A suicide bomber attacked a military convoy in southern Yemen on Monday, killing the region's army commander and at least two others, government officials said. A spokesperson for the Yemen-based al-Qaeda branch claimed responsibility in a phone interview.
The attack happened when the suicide bomber ran up to the vehicle carrying Major General Salem Qatan, the commander of the southern military, and detonated his explosives. The front of the white pick-up truck was heavily damaged by the powerful explosion, which also damaged several other vehicles.
It happened in front of Saber Hospital in the southern port city of Aden, about 300 kilometers (186 miles) south of the capital Sana'a.
A brief text message from Yemen's ministry of defense confirmed Qatan, the driver of the pick-up truck and a bodyguard were killed in the attack. At least five passers-by, including two women, were seriously injured, it said. Local sources indicated as many as twelve people were injured.
The defense ministry identified the attacker as a Somali national, without giving other details. But a spokesperson for Al-Qaeda in the Arabian Peninsula (AQAP) claimed responsibility for the bombing in a phone interview with the Xinhua news agency, saying it was in revenge for a military offensive against militants strongholds in the country.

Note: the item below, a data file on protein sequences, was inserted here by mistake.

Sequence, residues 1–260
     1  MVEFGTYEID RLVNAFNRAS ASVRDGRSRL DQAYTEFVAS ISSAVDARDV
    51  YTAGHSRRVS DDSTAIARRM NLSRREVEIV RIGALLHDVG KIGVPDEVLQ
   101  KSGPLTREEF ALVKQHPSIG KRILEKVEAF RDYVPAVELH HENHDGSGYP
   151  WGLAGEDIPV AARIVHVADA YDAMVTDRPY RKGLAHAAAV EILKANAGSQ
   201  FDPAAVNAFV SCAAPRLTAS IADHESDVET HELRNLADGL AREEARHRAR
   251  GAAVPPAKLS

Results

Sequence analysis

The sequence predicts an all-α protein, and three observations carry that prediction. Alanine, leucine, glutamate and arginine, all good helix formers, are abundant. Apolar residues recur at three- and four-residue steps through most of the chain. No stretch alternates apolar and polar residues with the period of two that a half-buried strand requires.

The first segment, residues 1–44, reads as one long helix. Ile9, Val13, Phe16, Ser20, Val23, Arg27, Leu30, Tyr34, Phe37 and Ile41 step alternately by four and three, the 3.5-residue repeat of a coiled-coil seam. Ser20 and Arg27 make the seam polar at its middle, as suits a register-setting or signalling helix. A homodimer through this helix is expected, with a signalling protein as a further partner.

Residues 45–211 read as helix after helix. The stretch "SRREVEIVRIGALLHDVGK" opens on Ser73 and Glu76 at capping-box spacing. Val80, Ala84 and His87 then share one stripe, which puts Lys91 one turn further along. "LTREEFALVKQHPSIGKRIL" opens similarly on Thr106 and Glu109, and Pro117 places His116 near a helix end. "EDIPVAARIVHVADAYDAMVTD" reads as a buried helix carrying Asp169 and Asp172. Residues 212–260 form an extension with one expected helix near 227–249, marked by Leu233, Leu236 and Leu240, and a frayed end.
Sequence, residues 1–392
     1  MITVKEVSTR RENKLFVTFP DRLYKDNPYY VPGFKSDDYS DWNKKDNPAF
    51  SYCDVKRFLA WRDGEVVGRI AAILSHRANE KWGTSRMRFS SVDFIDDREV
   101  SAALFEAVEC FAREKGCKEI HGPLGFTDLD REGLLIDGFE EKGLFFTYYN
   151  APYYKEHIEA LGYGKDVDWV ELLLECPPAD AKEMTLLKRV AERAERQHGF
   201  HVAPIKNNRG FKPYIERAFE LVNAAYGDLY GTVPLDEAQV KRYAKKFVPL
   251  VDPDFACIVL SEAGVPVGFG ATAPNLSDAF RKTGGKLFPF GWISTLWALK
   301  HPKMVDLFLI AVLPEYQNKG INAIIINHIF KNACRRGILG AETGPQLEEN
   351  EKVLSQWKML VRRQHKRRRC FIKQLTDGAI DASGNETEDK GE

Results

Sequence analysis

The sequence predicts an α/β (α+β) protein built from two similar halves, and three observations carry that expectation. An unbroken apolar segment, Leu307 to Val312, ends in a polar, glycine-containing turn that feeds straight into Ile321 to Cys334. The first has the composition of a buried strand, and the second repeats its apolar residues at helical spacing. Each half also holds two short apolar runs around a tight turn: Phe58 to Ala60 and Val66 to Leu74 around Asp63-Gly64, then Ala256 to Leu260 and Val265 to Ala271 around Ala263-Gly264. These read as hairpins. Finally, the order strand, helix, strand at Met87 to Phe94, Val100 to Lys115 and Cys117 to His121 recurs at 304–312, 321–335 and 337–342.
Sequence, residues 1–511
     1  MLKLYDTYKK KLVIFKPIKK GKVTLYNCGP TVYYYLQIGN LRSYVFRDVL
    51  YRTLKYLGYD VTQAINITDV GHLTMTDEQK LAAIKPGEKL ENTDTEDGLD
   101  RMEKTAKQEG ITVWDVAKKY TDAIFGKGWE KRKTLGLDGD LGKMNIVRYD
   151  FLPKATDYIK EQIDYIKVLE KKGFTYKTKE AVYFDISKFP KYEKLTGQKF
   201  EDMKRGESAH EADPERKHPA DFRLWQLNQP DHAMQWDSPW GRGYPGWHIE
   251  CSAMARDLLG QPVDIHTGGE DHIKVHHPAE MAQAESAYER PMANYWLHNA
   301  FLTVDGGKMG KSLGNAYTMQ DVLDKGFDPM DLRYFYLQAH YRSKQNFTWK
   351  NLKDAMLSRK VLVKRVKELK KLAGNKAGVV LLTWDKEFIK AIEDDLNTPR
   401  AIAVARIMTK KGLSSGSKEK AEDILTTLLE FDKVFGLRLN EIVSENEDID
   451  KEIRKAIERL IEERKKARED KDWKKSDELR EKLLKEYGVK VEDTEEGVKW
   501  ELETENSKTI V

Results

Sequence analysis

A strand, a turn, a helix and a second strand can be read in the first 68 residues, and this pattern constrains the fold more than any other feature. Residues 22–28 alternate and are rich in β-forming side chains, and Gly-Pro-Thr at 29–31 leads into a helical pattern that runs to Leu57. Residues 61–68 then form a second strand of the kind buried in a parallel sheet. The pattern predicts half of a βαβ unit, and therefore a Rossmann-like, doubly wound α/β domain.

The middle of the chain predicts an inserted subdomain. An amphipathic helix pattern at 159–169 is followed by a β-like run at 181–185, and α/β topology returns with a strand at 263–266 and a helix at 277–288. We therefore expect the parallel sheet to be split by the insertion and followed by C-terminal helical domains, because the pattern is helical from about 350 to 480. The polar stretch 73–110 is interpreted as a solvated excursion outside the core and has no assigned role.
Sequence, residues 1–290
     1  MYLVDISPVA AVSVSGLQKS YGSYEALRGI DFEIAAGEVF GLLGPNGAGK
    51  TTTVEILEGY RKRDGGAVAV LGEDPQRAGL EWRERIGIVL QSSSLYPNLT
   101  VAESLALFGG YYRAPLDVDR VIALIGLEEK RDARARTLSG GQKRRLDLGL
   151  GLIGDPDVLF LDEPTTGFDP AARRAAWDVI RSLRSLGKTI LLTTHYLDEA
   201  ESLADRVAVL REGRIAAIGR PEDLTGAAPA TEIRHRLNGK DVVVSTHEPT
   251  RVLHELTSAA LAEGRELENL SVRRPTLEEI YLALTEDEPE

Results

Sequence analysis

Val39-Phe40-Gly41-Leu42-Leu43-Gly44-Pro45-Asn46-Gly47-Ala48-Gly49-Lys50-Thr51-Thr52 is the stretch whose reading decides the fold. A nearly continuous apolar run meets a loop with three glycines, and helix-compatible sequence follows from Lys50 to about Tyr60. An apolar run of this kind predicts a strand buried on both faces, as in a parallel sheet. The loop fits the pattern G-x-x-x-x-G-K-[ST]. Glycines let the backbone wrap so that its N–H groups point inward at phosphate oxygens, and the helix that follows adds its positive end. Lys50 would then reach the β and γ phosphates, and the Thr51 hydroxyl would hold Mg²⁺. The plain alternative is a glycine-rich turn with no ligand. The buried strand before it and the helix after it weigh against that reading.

"One of our Jihadists succeeded in assassinating Major General Salem Ali Qatan who had led a month-long offensive against our families and strongholds in Abyan," the unidentified spokesman was quoted as saying by Xinhua. "We were forced to flee our cities. We have not lost the war or defeated. Our war against crusaders will continue till we take full revenge."
Monday's attack comes just days after Yemeni security forces drove out al-Qaeda militants from their strongholds in several southern regions. Qatan, who assumed the top military post just two months ago, has been very active in the fight against militant strongholds in the province of Abyan.
Yemen is currently undergoing a transition process after a popular uprising erupted in the country last year, similar to protests seen in other countries across the Middle East and North Africa. Yemen held presidential elections in February, resulting in a victory for the country's new leader Abd Rabbuh Mansur Al-Hadi.
In May, at least 120 people were killed and more than 350 others were injured when a suicide bomber wearing an army uniform blew himself up during a military parade rehearsal at al-Sabeen square in Sana'a. Most of the victims were from Yemen's Central Security Forces in what was one of the worst ever suicide bombings in the history of Yemen. Al-Qaeda in the Arabian Peninsula (AQAP) claimed responsibility.